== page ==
We found this article in The Chicago Sun Times:
It’s worth a read. The title isn’t misleading, but clearly there’s more to the story. The paper’s Archive was sold off to a private individual, John Rogers, who is digitizing the entire collection. When finished:
The Sun-Times retains “all the intellectual property, all the copyrights,” Barron said. What’s more, Rogers is obliged to re-create the “entire library in digital searchable form,” and make it accessible to the Sun-Times. This means Rogers is doing for the Sun-Times something it couldn’t afford to do for itself but dearly wanted to. “If we could have pulled it off,” said Barron, “it would have taken years and years and years and millions of dollars.” So the deal was a “dream come true.” And far from surrendering its photo archive, he says, once it’s digitized the Sun-Times will be able to exploit it to tap a growing “aftermarket” for copies of old news photos.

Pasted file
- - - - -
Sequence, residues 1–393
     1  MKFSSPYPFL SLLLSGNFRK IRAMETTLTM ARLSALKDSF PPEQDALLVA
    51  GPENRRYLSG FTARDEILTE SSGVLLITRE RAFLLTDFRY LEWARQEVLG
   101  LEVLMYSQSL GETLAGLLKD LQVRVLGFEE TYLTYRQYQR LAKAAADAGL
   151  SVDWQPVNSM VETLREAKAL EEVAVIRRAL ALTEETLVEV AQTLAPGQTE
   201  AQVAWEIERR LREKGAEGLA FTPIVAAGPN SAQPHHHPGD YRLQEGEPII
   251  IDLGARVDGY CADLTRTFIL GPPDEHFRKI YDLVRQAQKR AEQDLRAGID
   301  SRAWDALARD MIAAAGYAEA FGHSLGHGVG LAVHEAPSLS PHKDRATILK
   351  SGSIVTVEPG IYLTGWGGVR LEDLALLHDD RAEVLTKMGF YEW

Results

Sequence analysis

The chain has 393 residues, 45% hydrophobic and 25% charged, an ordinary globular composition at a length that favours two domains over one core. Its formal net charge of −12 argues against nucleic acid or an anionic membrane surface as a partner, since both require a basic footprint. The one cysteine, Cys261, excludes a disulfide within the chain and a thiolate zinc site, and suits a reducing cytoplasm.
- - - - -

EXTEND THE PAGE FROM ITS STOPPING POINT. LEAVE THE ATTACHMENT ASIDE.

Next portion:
The items that are appearing on eBay are duplicates, Rogers clarified. Or “things I don’t want”, he also said, which I found a little too vague. Still it’s hard to argue with what this man is doing to preserve a unique collection. That is, assuming he’s doing it right, as opposed to the sloppy way Google is digitizing books.
(Make sure to read the updates at the end of the article, with further information. They clarified the information about the library who was “keeping their photos in the basement”, making it sound like they were in old fruit boxes next to the washer, as opposed to being carefully stored in an archive.)
For the current status check-out our page at Grenada’s Endangered Archives.
Tagged: Archive Digitization